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Home :: Archive :: 2002 :: October ::
Re: Authorial Intention
The Shakespeare Conference: SHK 13.2003  Wednesday, 2 October 2002

[1]     From:   R. A. Cantrell <
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        Date:   Friday, 27 Sep 2002 10:03:09 -0500
        Subj:   Re: SHK 13.1995 Re: Authorial Intention

[2]     From:   R. A. Cantrell <
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        Date:   Friday, 27 Sep 2002 10:40:44 -0500
        Subj:   Re: SHK 13.1995 Re: Authorial Intentions

[3]     From:   Tony Burton <
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        Date:   Friday, 27 Sep 2002 12:03:46 -0400
        Subj:   Re: SHK 13.1995 Re: Authorial Intentions

[4]     From:   R.A. Cantrell <
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        Date:   Friday, 27 Sep 2002 12:45:08 -0500
        Subj:   Re: SHK 13.1970 Re: Authorial Intentions

[5]     From:   Brian Willis <
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        Date:   Friday, 27 Sep 2002 11:20:40 -0700 (PDT)
        Subj:   Re: SHK 13.1995 Re: Authorial Intentions

[6]     From:   Brian Willis <
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        Date:   Friday, 27 Sep 2002 11:20:40 -0700 (PDT)
        Subj:   Re: SHK 13.1995 Re: Authorial Intention

[7]     From:   John V. Knapp <
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        Date:   Saturday, 28 Sep 2002 00:18:58 -0500 (CDT)
        Subj:   Response to Re: SHK 13.1995 Re: Authorial Intentions

[8]     From:   Sophie Masson <
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        Date:   Saturday, 28 Sep 2002 06:56 +0000
        Subj:   Re: SHK 13.1985 Re: Authorial Intentions

[9]     From:   Gabriel Egan <
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        Date:   Sunday, 29 Sep 2002 12:12:54 +0100
        Subj:   SHK 13.1957 Authorial Intentions

[10]     From:  Matthew Baynham <
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        Date:   Tuesday, 1 Oct 2002 08:22:50 +0100
        Subj:   Authorial Intention

[11]     From:  Matthew Baynham <
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        Date:   Tuesday, 1 Oct 2002 12:58:13 +0100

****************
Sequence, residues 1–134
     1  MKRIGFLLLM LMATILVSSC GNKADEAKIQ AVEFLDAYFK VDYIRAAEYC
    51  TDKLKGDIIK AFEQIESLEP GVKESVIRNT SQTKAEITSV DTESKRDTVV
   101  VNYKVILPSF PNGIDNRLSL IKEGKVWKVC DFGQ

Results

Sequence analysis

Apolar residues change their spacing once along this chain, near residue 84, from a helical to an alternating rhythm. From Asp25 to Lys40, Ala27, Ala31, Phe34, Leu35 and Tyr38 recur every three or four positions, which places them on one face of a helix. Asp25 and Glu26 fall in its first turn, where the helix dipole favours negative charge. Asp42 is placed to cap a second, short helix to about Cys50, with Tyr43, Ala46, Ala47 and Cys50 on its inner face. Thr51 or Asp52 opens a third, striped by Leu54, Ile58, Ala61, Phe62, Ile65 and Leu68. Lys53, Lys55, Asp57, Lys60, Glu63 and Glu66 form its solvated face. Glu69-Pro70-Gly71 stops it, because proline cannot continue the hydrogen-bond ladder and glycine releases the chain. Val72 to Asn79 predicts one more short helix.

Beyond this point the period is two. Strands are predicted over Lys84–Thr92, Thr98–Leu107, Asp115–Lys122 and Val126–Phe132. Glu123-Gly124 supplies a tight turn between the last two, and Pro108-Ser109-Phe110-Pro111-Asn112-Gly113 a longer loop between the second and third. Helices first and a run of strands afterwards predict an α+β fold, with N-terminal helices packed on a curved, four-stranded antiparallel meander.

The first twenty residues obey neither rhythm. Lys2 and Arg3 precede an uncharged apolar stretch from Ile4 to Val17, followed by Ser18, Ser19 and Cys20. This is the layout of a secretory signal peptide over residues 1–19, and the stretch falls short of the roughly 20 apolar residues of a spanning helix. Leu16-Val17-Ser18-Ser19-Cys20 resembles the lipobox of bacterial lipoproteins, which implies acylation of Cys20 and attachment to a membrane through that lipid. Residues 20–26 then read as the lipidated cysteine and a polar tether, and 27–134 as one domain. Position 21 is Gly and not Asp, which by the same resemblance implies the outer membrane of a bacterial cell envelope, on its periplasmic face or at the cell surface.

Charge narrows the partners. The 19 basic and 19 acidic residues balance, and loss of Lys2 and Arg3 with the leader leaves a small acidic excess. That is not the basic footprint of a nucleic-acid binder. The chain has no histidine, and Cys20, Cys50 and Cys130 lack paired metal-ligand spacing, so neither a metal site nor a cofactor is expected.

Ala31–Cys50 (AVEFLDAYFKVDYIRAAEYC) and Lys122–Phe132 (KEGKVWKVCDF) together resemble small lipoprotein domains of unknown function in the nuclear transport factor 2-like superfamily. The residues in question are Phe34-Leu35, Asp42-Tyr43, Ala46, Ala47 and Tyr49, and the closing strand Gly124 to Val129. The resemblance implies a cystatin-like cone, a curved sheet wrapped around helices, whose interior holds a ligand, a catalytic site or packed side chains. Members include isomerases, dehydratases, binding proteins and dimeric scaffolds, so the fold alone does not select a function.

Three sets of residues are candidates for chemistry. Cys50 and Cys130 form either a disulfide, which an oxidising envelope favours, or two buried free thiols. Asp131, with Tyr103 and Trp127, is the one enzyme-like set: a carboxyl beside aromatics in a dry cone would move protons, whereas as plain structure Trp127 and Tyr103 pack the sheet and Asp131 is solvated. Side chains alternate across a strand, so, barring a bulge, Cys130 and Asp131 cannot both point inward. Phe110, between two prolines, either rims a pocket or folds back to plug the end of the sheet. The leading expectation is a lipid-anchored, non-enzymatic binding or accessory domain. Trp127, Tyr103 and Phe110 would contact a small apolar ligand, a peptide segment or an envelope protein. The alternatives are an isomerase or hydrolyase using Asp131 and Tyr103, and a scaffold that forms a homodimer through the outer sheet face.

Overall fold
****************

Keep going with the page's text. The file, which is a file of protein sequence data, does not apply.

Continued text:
Subj:   Authorial Intention



[1]-----------------------------------------------------------------
From:           R. A. Cantrell <
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 >
Date:           Friday, 27 Sep 2002 10:03:09 -0500
Subject: 13.1995 Re: Authorial Intentions
Comment:        Re: SHK 13.1995 Re: Authorial Intentions

>Martin Steward <
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 > wrote:

>Why are we still having to refute this
>ridiculous fallacy 60 years after the New Critics - the New Critics,
>mind! - demonstrated its ridiculousness??

You seem to have grasped the authorial intent of Mr. Knapp and the New
Critics well enough. The ridiculous fallacy you suggest is indeed
ridiculous in that its only substance is a naive trot through the outer
layers of formal Skepticism. I'm also sure you receive my intentions
within .999 fine.

[2]-------------------------------------------------------------
From:           R. A. Cantrell <
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 >
Date:           Friday, 27 Sep 2002 10:40:44 -0500
Subject: 13.1995 Re: Authorial Intentions
Comment:        Re: SHK 13.1995 Re: Authorial Intentions

Claude Caspar <
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 > writes,

>This week's New Yorker has a fascinating essay on Bloom... Great story
>of a confrontation with Greenblatt.  Somehow this thread made me mention
>this...

Thanks for the heads up on the New Yorker article. Has anyone on the
list seen the volume of essays titled Harold Bloom's Shakespeare?
There's some real rock 'em sock 'em between Gary Taylor and William